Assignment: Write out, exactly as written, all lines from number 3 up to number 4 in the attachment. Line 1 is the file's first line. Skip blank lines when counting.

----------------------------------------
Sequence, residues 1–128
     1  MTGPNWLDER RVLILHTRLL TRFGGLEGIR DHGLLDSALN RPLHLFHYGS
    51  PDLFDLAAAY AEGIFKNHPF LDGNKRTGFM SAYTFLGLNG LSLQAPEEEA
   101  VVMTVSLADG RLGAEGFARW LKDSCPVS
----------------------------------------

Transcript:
    51  PDLFDLAAAY AEGIFKNHPF LDGNKRTGFM SAYTFLGLNG LSLQAPEEEA
   101  VVMTVSLADG RLGAEGFARW LKDSCPVS